Reflections on my home town

Keeping a meaningful blog up-to-date is not trivial, I find. In recent weeks I have been busy moving house (some reflections to come) and dealing with the sudden death of my father. The latter has clearly taken up much mental space rendering most other issues less significant.

TCH_HullI find myself writing now from my home town, Kingston-Upon-Hull in the East Riding of Yorkshire in the UK. It is not a pretty town. It was heavily bombed during the war – it was and is a significant port – and the rebuilding was not the most sensitive. Take this picture (left) for example. This is Prospect Street in the City Centre at 0815 on a weekday morning. This is a utilitarian 1960s building showing considerable creativity with respect to naming. Actually, the name is fit-for-purpose. The shutters are ubiquitous as are the pawnbrokers and betting shops.

That said, Hull, as it is known locally, has a historic quarter and grand buildings to demonstrate its former significance and power.20140403_224345[1]  The Guildhall (right) is one of the most impressive in the county which boasts both York, Leeds and Sheffield. It was designed by  Edwin Cooper and completed in 1916. It was damaged in the war but restored fully in 1948. Nikolaus Pevsner, the architectural writer and critic, not a man to be easily impressed, described its Baroque Revival style exterior and interiors as a ‘tour de force’. Nearby are the Town Docks buildings – as grand as Liverpool’s waterfront, arguably – the City Hall (concert hall) and the Ferens Art Gallery, bearing the name of one of the City’s great benefactors.

20140403_224200[1] Hull’s relative isolation delivered over the years a number of quirks. For some reason, British Telecom – and its predecessor, the General Post Office (GPO) – did not swallow up Hull’s Corporation-owned and run telephone service, epitomised most visibly by the cream public telephone boxes (left). These two fine specimens are located next to the equally grand GPO office on Lowgate, now a Wetherspoons pub.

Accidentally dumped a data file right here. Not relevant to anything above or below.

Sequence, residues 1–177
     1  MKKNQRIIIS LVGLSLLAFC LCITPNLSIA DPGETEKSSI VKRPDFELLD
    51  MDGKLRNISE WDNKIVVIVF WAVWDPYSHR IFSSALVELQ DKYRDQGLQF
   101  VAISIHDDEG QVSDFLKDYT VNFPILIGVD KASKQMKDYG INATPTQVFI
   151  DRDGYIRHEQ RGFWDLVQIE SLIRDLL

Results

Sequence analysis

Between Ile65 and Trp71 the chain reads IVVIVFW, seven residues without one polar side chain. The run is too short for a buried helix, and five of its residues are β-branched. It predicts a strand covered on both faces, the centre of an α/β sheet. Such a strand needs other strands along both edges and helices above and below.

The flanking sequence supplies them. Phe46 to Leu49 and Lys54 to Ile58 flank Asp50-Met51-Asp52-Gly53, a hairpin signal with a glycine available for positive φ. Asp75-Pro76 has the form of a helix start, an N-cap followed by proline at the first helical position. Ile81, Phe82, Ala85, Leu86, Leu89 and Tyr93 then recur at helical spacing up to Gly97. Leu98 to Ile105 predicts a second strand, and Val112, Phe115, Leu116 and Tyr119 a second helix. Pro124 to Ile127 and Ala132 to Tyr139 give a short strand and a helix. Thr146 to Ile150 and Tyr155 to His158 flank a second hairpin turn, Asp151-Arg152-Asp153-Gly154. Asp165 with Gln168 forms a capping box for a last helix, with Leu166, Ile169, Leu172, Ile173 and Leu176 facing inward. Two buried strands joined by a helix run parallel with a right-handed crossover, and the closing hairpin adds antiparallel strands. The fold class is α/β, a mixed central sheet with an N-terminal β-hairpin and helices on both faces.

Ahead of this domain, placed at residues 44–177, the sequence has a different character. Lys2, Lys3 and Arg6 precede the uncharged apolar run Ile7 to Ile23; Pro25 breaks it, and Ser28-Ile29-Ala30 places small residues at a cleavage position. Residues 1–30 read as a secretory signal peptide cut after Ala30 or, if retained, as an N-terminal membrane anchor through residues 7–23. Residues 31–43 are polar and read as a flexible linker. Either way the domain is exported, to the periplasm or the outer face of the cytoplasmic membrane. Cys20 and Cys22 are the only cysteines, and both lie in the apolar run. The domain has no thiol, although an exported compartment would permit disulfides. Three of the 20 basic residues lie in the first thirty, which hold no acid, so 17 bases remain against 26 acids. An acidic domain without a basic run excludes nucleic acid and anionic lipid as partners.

In recent years there has been much regeneration in the Town Centre. Ferensway – named after the benefactor – has been completely redeveloped; it is dominated by a shopping centre, though nearby is the splendid Hull Truck Theatre and the Albermarle Music Centre – an upgrade of the former youth centre on the site. That said, the shopping centre reaffirmed the railway station area as the centre of the city. Over recent years, the heart of the city had shifted slightly East. But such is the poverty in this city, the new focus has just caused the existing Interchange_Hullshopping areas to fall into disrepair, with those shops/chains able to do so, moving.

To my eyes also, there was a missed opportunity. The grand Paragon railway station had its stone façade re-instated (in the 1960s another utility office block was parked in front of it). The old bus station was demolished and an ‘interchange’ built. Not before time, but the result is less-than satisfactory (right). It straddles the side of Paragon Station. With 40 stands it is long, cold, echoey and slightly threatening.

Endeavour School HullNew architecture is appearing all over the City. I cannot help feeling that the errors of the 1950s are being repeated. Take the Endeavour School on Beverley Road (left). The naming is what one might expect (and in contrast to the ‘Town Centre House’, above). But it really looks like a ‘secure’ facility rather than a place of learning, youth and endeavour.

I will return with my camera and a copy of Pevsner for some more reflections about this City. There are things to be optimisticHull City v Swansea about. Siemens is investing heavily in a Wind Turbine manufacturing facility here. It will be City of Culture in 2017. And the football team (right) are in the Premier League. That quirky telephone company provided the funds to build the stadium that enabled improved fortunes for the club.

Further reading on the architecture of the Guildhall available from English Heritage:

1 comment so far

  1. […] the centre. What I like about it is that it seems to sum up the real city. I come from a wholly unattractive city, so I am used to finding beauty in things that are not generally regarded as beautiful. It is not […]

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